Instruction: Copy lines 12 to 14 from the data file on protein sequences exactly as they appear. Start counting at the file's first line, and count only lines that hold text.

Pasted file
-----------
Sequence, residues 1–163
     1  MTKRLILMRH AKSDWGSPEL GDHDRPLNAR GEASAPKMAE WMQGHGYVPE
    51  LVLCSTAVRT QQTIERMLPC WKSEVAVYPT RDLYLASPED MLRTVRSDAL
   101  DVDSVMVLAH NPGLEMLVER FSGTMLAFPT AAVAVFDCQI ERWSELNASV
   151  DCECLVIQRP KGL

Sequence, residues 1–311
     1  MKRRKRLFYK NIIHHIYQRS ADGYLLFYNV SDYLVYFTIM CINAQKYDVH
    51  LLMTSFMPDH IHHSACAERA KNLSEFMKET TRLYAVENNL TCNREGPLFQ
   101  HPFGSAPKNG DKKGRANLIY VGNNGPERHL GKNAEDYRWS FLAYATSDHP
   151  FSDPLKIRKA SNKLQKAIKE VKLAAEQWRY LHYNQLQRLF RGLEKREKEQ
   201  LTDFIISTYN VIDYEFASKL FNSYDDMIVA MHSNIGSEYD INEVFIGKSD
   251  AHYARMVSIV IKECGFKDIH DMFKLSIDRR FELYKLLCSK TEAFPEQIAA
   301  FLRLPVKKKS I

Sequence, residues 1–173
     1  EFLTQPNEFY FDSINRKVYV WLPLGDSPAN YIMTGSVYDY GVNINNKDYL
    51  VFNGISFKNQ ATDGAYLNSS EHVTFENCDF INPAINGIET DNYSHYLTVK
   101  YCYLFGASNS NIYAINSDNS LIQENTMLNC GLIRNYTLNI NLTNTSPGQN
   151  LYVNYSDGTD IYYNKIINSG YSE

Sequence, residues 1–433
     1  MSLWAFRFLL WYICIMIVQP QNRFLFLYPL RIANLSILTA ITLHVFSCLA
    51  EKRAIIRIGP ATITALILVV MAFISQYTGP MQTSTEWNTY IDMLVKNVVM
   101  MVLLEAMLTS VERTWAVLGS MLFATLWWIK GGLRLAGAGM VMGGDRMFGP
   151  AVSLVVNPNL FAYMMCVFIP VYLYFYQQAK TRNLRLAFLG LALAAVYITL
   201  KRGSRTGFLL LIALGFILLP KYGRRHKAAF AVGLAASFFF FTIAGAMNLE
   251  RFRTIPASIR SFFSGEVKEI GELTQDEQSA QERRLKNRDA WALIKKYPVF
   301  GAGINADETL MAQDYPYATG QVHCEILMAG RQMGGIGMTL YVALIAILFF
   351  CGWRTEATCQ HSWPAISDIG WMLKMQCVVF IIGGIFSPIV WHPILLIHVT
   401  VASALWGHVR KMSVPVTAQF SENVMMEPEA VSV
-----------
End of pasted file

   251  AHYARMVSIV IKECGFKDIH DMFKLSIDRR FELYKLLCSK TEAFPEQIAA
   301  FLRLPVKKKS I

Sequence, residues 1–173